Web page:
In 1943 in a small Swedish village, an industrious, dyslexic teenager who went by the name of Ingvar Kamprad opened his first furniture store after spening his days selling matches, ballpoint pens, flower seeds and Christmas decorations to neighbours. Seven decades of growth later and IKEA has over 776 million customer visits per year and has reeled off 212 million copies of it's 2013 catalogue.
It's not just households which are embracing the flat pack revolution, since the 1990's IKEA products have cropped up in the visual arts again and again. Clay Ketter, Andrez Zittel and Jason Rhoades started the trend which many have since followed.
Joe Scanlan built a coffin out of in IKEA bookcase and then re-wrote the instructions so that others can follow suit..
Jeff Carter then motorised IKEA furniture to create kinetic sculpture..
Banksy then spoke up with his 'IKEA Punk' graffiti...
Using IKEA as your art supplier has it's distinct advantages in that it's accessible in almost any country, low-cost and minimalist in it's design which makes it somewhat of a blank canvas. There are also many comments to make on globalisation and it's other socio-political allegories.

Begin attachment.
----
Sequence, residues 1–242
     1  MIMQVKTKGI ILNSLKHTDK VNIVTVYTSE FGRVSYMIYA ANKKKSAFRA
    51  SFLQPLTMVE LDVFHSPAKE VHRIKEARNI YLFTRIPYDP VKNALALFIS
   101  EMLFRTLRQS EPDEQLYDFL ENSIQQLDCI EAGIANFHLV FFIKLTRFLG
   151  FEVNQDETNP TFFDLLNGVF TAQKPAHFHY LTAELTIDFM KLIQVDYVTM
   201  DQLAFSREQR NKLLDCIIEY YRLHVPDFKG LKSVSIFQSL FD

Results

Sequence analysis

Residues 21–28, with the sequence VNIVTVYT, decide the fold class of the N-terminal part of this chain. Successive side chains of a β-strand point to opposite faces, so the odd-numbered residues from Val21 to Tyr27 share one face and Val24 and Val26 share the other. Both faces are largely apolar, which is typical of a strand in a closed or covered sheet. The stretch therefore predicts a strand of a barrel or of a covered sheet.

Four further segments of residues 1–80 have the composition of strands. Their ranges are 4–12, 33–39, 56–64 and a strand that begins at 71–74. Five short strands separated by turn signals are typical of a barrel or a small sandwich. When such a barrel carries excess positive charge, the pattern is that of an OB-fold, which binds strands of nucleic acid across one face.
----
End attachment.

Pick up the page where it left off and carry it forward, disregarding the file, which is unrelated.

Guy Ben-Ner filmed his American family sitcom 'Stealing Beauty' in IKEA showrooms (unbeknown to the management)
When asked why he chose IKEA for his ready-made set he explained; "You can have the same food—say, McDonald’s—or the same desk in the U.S.A., in Germany, or in Japan,” Ben-Ner says. “The phenomenon is very much apparent nowadays with reality shows being the same in many countries. Differences are being erased, suggesting a cinematic world with no major continuity problems.”
Koya Abe in 'Digital Art Chapter 3' displays classical portraits juxtaposed into IKEA showrooms...
And my personal favourite of IKEA artists is Adriana Valdez Young who fashions fashion out of common IKEA products such as sheepskin rug handbags, Frankta shopping bag dresses and salad tosser skirts.
“How many IKEA bags would it take to pack all of the contents of an average American home?” she asks. “The IKEA Frakta blue-tarp bag is an icon of our global consumer lifestyle and the excess consumption this entails.”
When moving from Brooklyn to London, Young cut down her belongings to fill just two Frakta shopping bags.
“And you know what? One of the first things I did when I got to London was to go to IKEA and buy all the basics I needed to restart my home,” Young says. “They fit in exactly two IKEA bags. So now the footprint of my possessions is equal to four IKEA bags. I can feel like this is an accomplishment.”
So next time you are struggling for some inspiration, you need nothing more than an open mind and the latest IKEA catalogue.